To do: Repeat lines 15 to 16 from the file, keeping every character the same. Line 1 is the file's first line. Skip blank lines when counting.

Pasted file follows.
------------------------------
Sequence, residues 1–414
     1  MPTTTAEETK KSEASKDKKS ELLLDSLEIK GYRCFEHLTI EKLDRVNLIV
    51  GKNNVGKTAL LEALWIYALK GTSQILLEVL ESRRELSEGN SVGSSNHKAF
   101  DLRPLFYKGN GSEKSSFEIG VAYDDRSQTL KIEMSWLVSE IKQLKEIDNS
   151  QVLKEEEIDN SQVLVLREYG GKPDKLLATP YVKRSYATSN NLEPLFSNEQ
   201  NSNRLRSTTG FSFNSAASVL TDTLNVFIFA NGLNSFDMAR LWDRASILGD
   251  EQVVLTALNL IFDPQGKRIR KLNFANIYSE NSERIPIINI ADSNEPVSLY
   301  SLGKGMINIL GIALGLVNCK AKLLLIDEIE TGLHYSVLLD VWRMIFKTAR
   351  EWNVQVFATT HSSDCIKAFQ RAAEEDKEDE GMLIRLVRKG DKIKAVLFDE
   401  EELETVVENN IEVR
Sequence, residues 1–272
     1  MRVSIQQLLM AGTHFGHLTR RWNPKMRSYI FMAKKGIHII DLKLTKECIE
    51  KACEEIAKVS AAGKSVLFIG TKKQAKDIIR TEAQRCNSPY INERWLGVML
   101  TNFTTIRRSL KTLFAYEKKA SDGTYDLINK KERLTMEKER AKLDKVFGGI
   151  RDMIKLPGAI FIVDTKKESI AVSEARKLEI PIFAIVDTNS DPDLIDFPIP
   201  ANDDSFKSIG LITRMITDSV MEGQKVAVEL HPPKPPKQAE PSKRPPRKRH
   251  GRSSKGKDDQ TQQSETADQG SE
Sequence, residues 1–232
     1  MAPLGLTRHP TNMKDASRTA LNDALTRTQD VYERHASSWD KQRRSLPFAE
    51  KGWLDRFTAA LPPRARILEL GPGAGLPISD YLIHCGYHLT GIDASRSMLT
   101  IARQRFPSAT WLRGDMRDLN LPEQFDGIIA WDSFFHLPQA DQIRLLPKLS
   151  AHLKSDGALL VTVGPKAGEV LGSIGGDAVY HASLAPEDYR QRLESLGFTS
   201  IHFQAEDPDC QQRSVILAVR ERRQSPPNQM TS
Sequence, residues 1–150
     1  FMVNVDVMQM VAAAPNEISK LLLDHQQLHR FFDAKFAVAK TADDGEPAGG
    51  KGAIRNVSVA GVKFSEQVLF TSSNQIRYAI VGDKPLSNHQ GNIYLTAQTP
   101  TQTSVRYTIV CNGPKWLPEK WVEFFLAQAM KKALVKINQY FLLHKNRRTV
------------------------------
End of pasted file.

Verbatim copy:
   151  RDMIKLPGAI FIVDTKKESI AVSEARKLEI PIFAIVDTNS DPDLIDFPIP
   201  ANDDSFKSIG LITRMITDSV MEGQKVAVEL HPPKPPKQAE PSKRPPRKRH